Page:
January 23, 2019
The William Breman Jewish Heritage Museum scored a coup by hiring Leslie Gordon as its executive director.
Gordon, who had been hailed for her work as director of the Rialto Center for the Arts at Georgia State University since 2003, took charge of the Breman Museum in February.
By year’s end, hints of her strategy to increase the Breman’s visibility, within and outside of the Jewish community, were evident.
“I hope to build on the great foundation that’s already been laid,” Gordon told the Atlanta Jewish Times in January.
Several months earlier, the Breman’s board had approved a five-year plan that called for the institution at 18th and Spring streets “to transition into a role as a cultural center and gathering place for the community, while retaining its primary role as the Southeast’s repository, caretaker, and storyteller of Jewish history, including the Holocaust.”
In November, the Breman partnered with First Congregational Church of Atlanta and the Atlanta Jewish Music Festival to sponsor a program at the church, a discussion about Jews, African Americans and popular music, featuring musician and author Ben Sidran with the Rev. Dwight Andrews, himself an accomplished musician.
In her introduction, Gordon called the event an example of “taking the Breman on the road.”
In the 2016 Jewish community survey conducted by the Jewish Federation of Greater Atlanta, 30 percent of respondents described themselves as being very familiar with the Breman, 46 percent somewhat familiar, and 19 percent not at all familiar. The Breman is home to the Weinberg Centre for Holocaust Education and the Cuba Family Archives for Southern Jewish History, and also hosts cultural events and temporary exhibits.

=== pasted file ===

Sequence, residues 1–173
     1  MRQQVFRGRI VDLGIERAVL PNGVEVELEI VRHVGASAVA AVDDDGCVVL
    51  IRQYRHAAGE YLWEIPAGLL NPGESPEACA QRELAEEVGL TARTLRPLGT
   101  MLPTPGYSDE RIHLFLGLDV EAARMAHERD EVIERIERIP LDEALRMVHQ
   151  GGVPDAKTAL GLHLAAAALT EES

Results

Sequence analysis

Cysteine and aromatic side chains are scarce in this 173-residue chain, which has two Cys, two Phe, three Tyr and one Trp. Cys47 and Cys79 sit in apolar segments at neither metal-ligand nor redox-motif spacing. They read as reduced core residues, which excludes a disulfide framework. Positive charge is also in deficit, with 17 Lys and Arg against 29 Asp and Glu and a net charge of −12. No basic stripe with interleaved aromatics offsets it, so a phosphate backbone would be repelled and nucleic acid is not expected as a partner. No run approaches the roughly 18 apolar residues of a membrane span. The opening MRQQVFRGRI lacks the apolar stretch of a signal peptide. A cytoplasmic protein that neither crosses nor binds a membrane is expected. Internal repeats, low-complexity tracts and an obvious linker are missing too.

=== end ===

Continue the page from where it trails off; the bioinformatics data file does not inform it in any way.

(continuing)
Gordon is a Savannah native who grew up attending Congregation Bnai Brith Jacob, then led by Rabbi A.I. Rosenberg.
Her career in arts management began in 1985 as director of cultural affairs for her hometown. She moved to Atlanta in 1992 as a producer of the Cultural Olympiad, four years of arts and cultural programming that preceded the 1996 Olympic Games. Gordon was artistic director for the 1997 Arts Festival of Atlanta and manager of humanities and education for the 2000 and 2002 editions of the National Black Arts Festival.
The Breman is the largest tenant at the three-acre property owned by the Jewish Federation of Greater Atlanta, which is considering both renovation of the existing facility and possibly new construction at the site.